Quercus x crenata ‘Lucombeana’

Lucombe oak

Family: Fagaceae
54º 34.952N
5º 55.812W

The tree tag number relates to the black tree-maintenance tags, usually fixed on the trunk, 2 to 3m above ground level.

Synonyms are Quercus hispanica ‘Lucombeana’ and Quercus lucombeana.

Quercus x crenata is a hybrid between Q. suber (the cork oak) and Q. cerris (the Turkey oak). This cross has occurred several times. The two examples in commerce are the Fulham oak (also in Belfast Botanic Gardens) and the Lucombe oak. Both are semi-evergreen, often shedding some leaves in January or February.
The Lucombe oak is said to be distinguished by the fine points on the lobes of the leaves and by the ‘wiskers’ surrounding the terminal buds of its branches (photo below)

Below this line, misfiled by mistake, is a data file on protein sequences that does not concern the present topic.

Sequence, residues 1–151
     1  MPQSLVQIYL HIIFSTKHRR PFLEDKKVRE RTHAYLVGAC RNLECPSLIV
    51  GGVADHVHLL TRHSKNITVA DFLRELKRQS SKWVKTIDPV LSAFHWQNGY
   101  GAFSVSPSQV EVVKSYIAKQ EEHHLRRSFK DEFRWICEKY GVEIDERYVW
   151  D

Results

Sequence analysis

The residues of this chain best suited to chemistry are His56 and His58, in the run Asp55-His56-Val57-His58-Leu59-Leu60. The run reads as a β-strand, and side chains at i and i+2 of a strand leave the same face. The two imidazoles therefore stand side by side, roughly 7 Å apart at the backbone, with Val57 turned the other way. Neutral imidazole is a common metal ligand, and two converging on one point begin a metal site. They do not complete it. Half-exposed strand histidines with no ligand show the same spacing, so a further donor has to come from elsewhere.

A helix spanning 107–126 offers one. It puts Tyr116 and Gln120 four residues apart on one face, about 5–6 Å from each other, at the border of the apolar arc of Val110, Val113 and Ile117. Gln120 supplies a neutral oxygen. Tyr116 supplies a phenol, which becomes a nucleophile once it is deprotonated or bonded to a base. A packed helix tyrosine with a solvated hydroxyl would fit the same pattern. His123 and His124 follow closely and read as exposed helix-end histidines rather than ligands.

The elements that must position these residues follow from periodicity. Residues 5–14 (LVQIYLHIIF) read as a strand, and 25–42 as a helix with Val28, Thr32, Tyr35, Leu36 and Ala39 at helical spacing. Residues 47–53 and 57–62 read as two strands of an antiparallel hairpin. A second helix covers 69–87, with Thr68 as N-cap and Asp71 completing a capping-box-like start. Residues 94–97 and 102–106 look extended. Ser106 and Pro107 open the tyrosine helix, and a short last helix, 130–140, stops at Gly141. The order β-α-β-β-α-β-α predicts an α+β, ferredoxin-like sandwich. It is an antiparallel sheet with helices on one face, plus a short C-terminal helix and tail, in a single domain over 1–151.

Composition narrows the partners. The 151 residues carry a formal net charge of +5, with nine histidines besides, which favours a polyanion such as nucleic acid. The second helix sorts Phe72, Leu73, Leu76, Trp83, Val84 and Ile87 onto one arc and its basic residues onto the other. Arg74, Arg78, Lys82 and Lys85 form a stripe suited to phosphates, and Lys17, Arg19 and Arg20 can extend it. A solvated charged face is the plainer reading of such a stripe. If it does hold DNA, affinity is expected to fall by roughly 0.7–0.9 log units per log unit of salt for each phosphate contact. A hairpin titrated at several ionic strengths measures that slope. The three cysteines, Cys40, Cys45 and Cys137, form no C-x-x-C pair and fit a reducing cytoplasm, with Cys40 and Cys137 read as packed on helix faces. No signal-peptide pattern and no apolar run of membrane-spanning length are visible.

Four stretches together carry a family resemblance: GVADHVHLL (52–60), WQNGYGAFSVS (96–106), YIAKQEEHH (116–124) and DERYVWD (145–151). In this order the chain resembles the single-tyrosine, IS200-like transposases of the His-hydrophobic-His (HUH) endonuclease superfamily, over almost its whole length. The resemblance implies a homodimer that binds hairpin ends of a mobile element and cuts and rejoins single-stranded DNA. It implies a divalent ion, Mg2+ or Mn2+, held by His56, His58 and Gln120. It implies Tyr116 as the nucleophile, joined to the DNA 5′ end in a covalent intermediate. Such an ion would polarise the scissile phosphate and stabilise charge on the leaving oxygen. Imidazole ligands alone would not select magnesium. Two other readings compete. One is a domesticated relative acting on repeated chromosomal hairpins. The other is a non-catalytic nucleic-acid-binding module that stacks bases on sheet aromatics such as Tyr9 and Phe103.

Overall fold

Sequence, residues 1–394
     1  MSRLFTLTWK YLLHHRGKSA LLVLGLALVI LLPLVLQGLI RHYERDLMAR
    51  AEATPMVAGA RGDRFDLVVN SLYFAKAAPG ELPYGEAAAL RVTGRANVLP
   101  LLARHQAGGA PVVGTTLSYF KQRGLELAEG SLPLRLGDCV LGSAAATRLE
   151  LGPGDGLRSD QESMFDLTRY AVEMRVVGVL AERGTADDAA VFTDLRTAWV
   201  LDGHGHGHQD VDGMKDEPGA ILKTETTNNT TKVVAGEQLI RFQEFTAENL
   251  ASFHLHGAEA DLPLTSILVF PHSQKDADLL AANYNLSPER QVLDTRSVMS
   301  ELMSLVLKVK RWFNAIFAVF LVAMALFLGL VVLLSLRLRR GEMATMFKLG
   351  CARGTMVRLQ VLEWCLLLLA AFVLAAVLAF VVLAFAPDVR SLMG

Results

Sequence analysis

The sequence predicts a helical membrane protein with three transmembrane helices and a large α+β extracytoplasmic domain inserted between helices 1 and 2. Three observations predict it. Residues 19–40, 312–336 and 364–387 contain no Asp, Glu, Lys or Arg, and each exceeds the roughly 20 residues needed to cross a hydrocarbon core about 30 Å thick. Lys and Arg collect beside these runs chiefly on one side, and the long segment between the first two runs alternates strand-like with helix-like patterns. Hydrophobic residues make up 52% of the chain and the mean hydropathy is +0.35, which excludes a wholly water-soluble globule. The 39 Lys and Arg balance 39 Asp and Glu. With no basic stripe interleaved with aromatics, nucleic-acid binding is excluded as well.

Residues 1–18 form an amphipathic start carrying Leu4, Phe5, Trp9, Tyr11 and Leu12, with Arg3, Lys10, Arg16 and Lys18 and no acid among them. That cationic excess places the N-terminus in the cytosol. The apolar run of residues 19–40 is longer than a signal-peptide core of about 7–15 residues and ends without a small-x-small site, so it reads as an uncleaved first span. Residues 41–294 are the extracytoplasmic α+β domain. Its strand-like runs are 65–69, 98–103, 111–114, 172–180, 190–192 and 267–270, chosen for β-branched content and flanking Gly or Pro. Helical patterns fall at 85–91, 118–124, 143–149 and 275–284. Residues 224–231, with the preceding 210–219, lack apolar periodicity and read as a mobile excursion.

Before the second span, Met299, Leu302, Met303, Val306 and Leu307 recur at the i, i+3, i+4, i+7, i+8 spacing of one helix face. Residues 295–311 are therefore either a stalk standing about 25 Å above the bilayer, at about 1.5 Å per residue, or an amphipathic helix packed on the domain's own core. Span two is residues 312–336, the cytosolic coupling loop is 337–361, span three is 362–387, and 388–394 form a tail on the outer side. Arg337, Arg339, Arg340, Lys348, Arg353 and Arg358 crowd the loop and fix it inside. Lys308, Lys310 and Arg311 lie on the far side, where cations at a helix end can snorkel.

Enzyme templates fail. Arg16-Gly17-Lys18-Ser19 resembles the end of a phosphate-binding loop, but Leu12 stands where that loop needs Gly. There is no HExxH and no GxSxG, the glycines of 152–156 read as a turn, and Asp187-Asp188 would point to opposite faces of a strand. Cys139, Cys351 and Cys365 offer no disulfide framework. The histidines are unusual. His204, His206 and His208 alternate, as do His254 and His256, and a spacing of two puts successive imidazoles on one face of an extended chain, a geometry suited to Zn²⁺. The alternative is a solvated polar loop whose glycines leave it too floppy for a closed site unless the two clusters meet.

The Lucombe oak was discovered by nursery owner William Lucombe in 1762. True Lucombe oaks are clones of this original hybrid, but other similar hybrids are sold as Lucombe oaks. 
We don’t know the provenance of the Botanic Gardens specimen nor whether it a decendant of the true Lucombe oak or a similar hybrid. William Lucombe felled the original tree with the intention that the wood be used for his coffin. However he lived to 102, by which time his coffin planks, stored under his bed, had rotted.
Other fine examples of the Lucombe oak may be seen in Kew and Powis Castle.

Photos taken in Belfast Botanic Gardens in 2023. Copyright: Friends of Belfast Botanic